17. Shallow waters in the Arctic Ocean
Image adapted by Sam Carana from NOAA image

18. Shallow waters of the East Siberian Arctic Shelf (ESAS)
On carbon transport and fate in the East Siberian Arctic land–shelf–atmosphere system
Semiletov et al. (2012)

19. Warming of coastal waters - Mean SST on August 22. 2007, in degrees Celsius
Produced by Sam Carana from:

20. Submarine pingoes: Indicators of shallow gas hydrates in a pockmark at Nyegga, Norwegian Sea.
Hovland et al., Marine Geology 228 (2006) 15–23

21. Three kinds of warming and feedbacks
Sam Carana (2012)

22. Abrupt release of 1Gt of methane
Sam Carana (2012), How much time is there left to act

23. The accumulating impact of methane releases in the Arctic
Sam Carana (2012), How much time is there left to act

24. Global warming, accelerated warming in the Arctic, and runaway global warming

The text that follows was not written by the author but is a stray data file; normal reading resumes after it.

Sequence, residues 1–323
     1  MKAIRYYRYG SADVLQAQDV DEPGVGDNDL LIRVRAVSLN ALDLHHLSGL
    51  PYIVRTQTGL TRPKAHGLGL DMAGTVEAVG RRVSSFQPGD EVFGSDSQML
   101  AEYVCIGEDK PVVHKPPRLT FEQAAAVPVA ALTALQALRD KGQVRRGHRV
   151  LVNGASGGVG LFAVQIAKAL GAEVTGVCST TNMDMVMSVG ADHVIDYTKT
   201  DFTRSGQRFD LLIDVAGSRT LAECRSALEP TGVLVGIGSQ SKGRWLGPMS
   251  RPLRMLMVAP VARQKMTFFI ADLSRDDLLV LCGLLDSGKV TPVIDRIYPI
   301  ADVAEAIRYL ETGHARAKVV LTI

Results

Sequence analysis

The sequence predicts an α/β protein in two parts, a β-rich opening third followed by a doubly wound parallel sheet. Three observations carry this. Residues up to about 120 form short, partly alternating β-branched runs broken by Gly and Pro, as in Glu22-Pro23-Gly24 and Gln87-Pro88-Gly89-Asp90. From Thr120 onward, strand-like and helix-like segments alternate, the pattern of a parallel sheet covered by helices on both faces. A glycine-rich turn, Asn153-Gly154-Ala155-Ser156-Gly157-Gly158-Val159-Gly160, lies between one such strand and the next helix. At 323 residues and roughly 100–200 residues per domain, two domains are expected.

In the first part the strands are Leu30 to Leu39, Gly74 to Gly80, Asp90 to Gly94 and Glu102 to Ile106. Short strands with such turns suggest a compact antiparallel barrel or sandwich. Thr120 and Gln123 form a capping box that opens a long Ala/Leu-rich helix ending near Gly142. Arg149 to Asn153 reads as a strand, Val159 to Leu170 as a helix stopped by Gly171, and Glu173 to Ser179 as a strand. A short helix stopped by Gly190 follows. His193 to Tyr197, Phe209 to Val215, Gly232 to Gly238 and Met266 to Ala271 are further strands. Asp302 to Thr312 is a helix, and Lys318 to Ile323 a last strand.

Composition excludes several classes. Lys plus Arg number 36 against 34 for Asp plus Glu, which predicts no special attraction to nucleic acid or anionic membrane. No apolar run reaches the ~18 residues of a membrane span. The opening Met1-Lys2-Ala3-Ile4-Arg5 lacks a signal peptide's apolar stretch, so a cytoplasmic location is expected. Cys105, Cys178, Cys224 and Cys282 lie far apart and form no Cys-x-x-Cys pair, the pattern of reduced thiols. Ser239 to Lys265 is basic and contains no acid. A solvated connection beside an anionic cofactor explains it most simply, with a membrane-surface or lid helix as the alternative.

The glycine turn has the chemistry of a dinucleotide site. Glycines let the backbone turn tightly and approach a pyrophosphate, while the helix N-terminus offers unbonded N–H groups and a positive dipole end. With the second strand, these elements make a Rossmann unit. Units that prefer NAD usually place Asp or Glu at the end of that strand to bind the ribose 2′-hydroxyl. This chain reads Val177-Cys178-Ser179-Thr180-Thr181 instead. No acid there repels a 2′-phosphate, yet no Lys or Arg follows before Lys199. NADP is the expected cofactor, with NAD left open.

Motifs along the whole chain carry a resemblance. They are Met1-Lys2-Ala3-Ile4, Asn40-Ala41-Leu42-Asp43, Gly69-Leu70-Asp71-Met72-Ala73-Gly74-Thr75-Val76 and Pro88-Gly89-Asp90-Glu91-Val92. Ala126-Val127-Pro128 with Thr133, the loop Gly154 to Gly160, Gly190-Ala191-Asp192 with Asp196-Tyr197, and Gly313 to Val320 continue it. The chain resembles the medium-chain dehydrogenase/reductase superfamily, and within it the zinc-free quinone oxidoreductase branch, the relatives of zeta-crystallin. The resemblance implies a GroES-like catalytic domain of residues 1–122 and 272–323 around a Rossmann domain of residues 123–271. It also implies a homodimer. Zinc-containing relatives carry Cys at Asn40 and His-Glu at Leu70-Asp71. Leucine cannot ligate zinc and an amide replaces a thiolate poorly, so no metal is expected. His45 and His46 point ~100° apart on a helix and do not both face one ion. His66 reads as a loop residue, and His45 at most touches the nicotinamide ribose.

Sam Carana (2013) - see also: How much will temperatures rise?

25. Organic soil carbon content
from: EUR 21855 EN - soil organic carbon European Commission (2011)

26. Warming and feedbacks leading to destruction and extinction at massive scale
Sam Carana (2013) - see also: An Effective and Comprehensive Climate Plan

27. Energy feebates
Towards a sustainable economy, by Sam Carana (2011)

28. Feebates in sectors such as agriculture, land use and construction
Towards a sustainable economy, by Sam Carana (2011)

29. Getting carbon dioxide in the atmosphere back to 280ppm
Towards a sustainable economy, by Sam Carana (2011)

30. Diagram of Doom and 3-part action plan
Sam Carana (2013)

31. Arctic Methane Management
Sam Carana (2012)

32. Feebates
Towards a sustainable economy, by Sam Carana (2011)


  1. great post
    Alexei turchin